Guide to Open Source Monitoring Tools on Linux
Monitoring your Linux system is essential for maintaining its stability, performance, and security. Open source monitoring tools provide a cost-effective solution for monitoring various aspects of your system. In this guide, we will explore some popular open source monitoring tools, their usage, and provide examples of commands and scripts to get you started.
Nagios is a widely used open source monitoring system that allows you to monitor the availability and performance of network services, hosts, and applications. It provides a web interface for configuration and monitoring, and supports various plugins for extending its functionality.
To install Nagios on Ubuntu, use the following command:
sudo apt-get install nagios3
Once installed, you can access the Nagios web interface by navigating to
http://localhost/nagios3/ in your web browser.
To monitor a host using Nagios, you need to define a host configuration in the Nagios configuration file. Here’s an example:
alias Example Host
Once the host configuration is defined, you can monitor its availability and performance through the Nagios web interface. Nagios also supports sending notifications via email or SMS when a service or host goes down.
Prometheus is an open source monitoring and alerting toolkit that focuses on time series data collection and analysis. It provides a flexible query language, powerful visualization tools, and integration with various third-party services.
To install Prometheus on Ubuntu, use the following commands:
tar xvfz prometheus-2.29.2.linux-amd64.tar.gz
Once installed, you can access the Prometheus web interface by navigating to
http://localhost:9090/ in your web browser.
To monitor a target using Prometheus, you need to configure its scraping in the Prometheus configuration file. Here’s an example:
- job_name: 'example'
- targets: ['localhost:9100']
Once the target is configured, you can create custom queries to analyze the collected time series data and create visualizations using Prometheus’ built-in graphing capabilities.
Collectd is a lightweight and extensible system statistics collection daemon. It collects a wide range of system performance metrics, such as CPU usage, memory usage, disk usage, network traffic, and more. Collectd can send the collected data to various data stores for further analysis and visualization.
To install Collectd on Ubuntu, use the following command:
sudo apt-get install collectd
Once installed, you can configure Collectd by editing its configuration file located at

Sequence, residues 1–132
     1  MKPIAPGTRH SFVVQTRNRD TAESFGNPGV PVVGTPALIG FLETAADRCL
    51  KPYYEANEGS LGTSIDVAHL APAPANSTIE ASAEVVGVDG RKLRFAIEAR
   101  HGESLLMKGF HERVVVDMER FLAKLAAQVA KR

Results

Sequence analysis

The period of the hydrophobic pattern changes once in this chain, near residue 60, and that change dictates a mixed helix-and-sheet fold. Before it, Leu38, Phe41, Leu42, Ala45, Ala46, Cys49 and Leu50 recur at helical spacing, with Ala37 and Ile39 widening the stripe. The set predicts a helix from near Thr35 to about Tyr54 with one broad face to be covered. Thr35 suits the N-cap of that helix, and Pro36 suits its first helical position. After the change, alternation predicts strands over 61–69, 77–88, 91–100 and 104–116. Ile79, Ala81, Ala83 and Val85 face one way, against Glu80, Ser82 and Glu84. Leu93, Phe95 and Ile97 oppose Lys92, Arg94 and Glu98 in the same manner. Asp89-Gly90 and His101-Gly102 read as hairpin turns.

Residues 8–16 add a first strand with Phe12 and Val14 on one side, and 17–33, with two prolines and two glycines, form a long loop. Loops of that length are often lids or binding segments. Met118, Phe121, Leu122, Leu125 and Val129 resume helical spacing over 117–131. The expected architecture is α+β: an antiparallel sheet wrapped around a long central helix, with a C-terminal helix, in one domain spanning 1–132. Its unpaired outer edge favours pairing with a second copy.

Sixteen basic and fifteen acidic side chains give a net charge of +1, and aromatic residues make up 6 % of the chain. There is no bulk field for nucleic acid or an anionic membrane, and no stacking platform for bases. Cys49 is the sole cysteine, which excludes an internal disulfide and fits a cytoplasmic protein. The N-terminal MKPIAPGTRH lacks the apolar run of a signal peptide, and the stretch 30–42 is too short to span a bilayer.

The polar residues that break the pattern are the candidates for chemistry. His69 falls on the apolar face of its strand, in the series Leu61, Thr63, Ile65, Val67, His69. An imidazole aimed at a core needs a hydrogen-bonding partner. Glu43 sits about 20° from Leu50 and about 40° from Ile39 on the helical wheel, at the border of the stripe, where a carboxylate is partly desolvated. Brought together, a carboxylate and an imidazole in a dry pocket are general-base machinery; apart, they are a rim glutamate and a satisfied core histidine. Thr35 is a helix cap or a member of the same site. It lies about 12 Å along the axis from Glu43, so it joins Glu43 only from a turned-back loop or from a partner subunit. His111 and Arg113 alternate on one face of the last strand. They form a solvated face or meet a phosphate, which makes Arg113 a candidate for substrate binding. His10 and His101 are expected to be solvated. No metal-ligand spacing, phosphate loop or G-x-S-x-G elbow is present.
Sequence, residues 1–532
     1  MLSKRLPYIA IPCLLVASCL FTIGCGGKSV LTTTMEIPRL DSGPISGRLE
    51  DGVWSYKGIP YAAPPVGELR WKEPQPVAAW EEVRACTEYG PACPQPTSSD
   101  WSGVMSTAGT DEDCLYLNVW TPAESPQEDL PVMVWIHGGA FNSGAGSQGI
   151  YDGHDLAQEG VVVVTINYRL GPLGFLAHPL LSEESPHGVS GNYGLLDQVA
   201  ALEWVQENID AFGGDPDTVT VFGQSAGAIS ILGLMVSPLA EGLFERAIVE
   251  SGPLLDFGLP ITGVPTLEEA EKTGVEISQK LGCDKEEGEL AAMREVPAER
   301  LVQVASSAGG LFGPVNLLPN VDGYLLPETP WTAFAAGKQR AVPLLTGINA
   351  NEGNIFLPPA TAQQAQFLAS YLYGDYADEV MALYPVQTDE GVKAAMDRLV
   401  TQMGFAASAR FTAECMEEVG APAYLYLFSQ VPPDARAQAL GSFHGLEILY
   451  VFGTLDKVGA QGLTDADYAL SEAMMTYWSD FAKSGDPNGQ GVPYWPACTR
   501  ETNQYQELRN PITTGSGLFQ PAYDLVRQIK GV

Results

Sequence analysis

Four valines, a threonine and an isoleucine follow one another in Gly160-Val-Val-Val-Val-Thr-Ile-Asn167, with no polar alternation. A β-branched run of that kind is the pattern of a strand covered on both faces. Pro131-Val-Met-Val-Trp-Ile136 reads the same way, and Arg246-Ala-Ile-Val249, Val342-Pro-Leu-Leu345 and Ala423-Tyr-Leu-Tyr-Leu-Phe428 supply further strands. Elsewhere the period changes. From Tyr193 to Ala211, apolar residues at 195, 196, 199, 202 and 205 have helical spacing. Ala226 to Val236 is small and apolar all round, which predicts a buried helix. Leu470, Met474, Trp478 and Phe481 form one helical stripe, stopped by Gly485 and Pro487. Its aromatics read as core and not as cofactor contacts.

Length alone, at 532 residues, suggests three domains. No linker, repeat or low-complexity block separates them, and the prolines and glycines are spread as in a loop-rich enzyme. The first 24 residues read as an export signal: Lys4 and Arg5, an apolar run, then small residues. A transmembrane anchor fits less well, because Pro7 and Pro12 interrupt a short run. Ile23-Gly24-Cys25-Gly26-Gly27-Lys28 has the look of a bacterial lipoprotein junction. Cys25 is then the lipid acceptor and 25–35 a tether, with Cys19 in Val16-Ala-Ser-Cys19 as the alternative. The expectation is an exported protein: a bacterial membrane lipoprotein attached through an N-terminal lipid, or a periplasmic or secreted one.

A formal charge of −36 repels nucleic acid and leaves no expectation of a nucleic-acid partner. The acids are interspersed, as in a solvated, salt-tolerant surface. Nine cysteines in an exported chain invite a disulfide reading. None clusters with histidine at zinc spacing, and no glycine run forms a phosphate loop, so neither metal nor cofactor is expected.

To monitor a specific metric using Collectd, you need to enable the corresponding plugin in the Collectd configuration file. For example, to monitor CPU usage, you can enable the “cpu” plugin:
Once the plugin is enabled, Collectd will start collecting CPU usage data, which can be sent to a data store or analyzed using Collectd’s built-in graphing capabilities.
Useful Commands and Scripts
Here are some useful commands and scripts that can be used with open source monitoring tools on Linux:
1. Checking CPU Usage:
top – Display real-time CPU usage statistics.
mpstat – Display CPU usage statistics by processor.
2. Checking Memory Usage:
free – Display memory usage statistics.
vmstat – Display virtual memory statistics.
3. Checking Disk Usage:
df – Display disk space usage statistics.
du – Display disk usage statistics for a specific directory.
4. Checking Network Traffic:
iftop – Display real-time network traffic statistics.
netstat – Display network connection statistics.
5. Monitoring Log Files:
tail – Display the last lines of a log file.
grep – Search for specific patterns in log files.
|Network and host monitoring system
|Extensive plugin ecosystem, customizable notifications
|Complex configuration, limited visualization capabilities
|Time series data collection and analysis
|Flexible query language, powerful visualization tools
|Steep learning curve, requires additional components for full functionality
|System statistics collection daemon
|Lightweight, extensible, low resource consumption
|Requires additional components for data analysis and visualization
Monitoring your Linux system doesn’t have to be a daunting task. With the help of open source monitoring tools, you can gain valuable insights into your system’s performance and make informed decisions to ensure its stability and security. Experiment with different tools, explore their features, and customize them to suit your specific monitoring needs.
This article incorporates information and material from various online sources. We acknowledge and appreciate the work of all original authors, publishers, and websites. While every effort has been made to appropriately credit the source material, any unintentional oversight or omission does not constitute a copyright infringement. All trademarks, logos, and images mentioned are the property of their respective owners. If you believe that any content used in this article infringes upon your copyright, please contact us immediately for review and prompt action.
This article is intended for informational and educational purposes only and does not infringe on the rights of the copyright owners. If any copyrighted material has been used without proper credit or in violation of copyright laws, it is unintentional and we will rectify it promptly upon notification. Please note that the republishing, redistribution, or reproduction of part or all of the contents in any form is prohibited without express written permission from the author and website owner. For permissions or further inquiries, please contact us.